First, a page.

Nevada legislature passes same-sex partnership law overriding governor veto

[JURIST] The Nevada Assembly [official website] on Sunday approved a same-sex partnership law [SB 283, PDF; materials], overriding the governor's veto [press release, PDF] by a 28-14 vote [roll call vote]. The measure, passed in the state senate [roll call vote] a day earlier by the requisite two-thirds vote, seeks to give same-sex partners the same rights, protections, and benefits as are given to spouses. The rights afforded to domestic partners include property rights, mutual responsibility for debts, rights with respect to children, and the right to seek financial support if the partnership ends. While the legislation specifies that a legal union under the law does not constitute a marriage under the Nevada Constitution [text], the law provides legal protection for same-sex marriages or unions from other states. Governor Jim Gibbons [official website] vetoed the bill on the grounds that the voters of Nevada previously passed a constitutional amendment specifying that the rights of marriage should only apply to married couples, reasoning that only the voters should determine if domestic partners are granted such rights. Gibbons also reasoned that the privileges sought by the bill could be achieved with private contracts.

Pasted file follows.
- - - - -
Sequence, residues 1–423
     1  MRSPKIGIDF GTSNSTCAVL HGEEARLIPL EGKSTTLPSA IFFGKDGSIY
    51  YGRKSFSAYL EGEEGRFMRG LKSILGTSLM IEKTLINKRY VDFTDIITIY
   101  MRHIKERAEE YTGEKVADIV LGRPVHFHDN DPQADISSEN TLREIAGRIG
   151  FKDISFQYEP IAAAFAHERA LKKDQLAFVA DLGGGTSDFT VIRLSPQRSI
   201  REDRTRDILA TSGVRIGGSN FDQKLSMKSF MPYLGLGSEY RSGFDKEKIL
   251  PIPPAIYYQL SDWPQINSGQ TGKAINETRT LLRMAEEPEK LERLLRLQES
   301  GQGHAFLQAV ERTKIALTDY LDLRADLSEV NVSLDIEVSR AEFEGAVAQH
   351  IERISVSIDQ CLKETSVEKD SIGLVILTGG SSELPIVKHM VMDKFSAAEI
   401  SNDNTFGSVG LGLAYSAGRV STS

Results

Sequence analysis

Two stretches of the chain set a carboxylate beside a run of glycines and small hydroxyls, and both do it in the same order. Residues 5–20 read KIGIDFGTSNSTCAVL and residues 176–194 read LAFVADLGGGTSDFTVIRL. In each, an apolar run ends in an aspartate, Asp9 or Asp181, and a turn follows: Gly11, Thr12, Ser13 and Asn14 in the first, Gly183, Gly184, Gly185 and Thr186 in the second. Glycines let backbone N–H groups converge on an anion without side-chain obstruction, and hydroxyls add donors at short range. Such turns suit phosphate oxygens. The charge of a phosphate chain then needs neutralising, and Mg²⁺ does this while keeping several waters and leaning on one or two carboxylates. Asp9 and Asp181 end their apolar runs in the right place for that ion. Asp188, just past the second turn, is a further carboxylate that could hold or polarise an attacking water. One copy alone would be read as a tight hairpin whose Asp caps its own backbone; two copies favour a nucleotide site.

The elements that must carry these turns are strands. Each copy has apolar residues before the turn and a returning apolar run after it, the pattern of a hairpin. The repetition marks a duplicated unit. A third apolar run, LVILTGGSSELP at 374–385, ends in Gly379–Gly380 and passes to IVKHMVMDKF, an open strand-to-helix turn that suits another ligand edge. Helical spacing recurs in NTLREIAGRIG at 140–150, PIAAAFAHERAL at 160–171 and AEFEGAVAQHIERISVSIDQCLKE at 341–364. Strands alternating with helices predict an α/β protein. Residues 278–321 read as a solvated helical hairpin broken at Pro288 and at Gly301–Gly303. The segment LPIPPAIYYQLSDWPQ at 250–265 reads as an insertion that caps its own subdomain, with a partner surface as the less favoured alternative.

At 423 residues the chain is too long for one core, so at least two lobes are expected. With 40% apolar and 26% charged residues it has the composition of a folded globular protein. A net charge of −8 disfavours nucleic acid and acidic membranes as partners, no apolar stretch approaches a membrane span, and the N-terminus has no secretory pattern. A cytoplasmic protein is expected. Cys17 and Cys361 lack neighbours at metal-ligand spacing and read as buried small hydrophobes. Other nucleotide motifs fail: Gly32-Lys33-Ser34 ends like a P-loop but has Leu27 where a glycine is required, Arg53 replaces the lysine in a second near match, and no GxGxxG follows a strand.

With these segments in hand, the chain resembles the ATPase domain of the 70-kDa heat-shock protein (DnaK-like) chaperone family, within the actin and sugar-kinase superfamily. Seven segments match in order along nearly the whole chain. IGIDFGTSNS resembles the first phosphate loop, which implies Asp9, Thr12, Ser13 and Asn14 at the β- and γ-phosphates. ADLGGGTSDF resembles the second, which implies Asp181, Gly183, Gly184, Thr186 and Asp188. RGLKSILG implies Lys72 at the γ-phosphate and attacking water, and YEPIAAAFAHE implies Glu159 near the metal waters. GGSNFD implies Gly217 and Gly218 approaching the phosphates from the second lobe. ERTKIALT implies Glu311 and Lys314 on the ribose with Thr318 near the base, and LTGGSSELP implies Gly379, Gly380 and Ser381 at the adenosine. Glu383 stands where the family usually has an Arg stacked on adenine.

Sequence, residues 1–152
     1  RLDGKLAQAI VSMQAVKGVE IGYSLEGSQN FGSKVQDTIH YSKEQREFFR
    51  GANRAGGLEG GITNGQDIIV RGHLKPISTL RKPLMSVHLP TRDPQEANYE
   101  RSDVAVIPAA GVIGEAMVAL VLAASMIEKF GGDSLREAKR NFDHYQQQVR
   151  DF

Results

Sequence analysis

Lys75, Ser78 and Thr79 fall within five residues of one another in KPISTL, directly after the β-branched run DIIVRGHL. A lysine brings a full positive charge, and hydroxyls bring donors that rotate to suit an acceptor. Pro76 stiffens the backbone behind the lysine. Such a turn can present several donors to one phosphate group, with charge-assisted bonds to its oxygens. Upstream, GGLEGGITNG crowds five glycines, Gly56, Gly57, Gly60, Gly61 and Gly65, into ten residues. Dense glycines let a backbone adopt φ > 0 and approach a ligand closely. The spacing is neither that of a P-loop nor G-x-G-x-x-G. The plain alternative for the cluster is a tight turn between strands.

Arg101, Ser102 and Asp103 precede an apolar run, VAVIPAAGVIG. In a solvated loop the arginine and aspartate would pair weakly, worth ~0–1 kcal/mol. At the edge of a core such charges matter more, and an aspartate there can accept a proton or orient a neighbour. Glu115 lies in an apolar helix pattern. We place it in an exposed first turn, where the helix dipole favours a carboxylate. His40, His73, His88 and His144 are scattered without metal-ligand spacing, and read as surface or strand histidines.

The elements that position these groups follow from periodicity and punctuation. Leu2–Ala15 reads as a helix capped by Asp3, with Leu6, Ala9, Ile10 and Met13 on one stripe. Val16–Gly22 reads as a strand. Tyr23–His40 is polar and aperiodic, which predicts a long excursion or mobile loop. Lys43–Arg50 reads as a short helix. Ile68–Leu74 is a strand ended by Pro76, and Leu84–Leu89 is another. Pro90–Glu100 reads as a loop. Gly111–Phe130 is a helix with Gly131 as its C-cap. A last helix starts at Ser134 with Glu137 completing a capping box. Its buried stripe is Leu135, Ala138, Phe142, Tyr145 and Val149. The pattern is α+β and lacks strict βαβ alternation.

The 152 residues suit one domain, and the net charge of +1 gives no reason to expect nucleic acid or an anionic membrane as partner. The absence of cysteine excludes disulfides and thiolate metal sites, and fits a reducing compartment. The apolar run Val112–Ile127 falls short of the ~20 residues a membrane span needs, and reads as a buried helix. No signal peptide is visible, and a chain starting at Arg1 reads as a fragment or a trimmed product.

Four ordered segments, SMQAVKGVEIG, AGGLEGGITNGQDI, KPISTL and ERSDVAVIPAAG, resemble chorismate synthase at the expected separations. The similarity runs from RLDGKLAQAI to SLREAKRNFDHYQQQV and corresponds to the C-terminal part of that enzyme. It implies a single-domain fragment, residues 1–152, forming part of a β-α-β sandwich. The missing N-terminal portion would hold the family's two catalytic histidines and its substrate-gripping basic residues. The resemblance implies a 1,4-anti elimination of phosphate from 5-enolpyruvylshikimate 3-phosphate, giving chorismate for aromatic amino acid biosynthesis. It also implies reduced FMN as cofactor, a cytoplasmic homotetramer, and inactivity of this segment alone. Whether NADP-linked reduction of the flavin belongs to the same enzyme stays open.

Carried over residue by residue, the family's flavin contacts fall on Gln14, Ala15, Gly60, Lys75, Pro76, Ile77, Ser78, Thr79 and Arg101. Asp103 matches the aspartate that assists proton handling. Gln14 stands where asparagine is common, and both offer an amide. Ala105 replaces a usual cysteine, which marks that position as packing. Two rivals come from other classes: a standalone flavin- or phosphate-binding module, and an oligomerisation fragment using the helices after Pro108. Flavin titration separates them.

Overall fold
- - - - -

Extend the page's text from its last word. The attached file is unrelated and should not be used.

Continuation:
Recently, the California Supreme Court [official website] rejected constitutional challenges [JURIST report] to Proposition 8, which amended the California Constitution to prohibit same-sex marriages. Several other states have recently taken up the issue of same-sex marriage. In May, the New Hampshire House of Representatives rejected [JURIST report] a same-sex marriage bill after it was amended to gain the governor's approval. The New York State Assembly passed a bill [JURIST report] that would allow same-sex marriages to be performed in the state. Maine became the fifth state to allow same-sex marriage [JURIST report] when Governor John Baldacci [official website] signed a same-sex marriage bill into law. In April, Vermont became the first state to legalize same-sex marriage through a vote of the legislature, joining Massachusetts, Connecticut, and Iowa [JURIST reports] as the other states that allow same-sex marriage.



 

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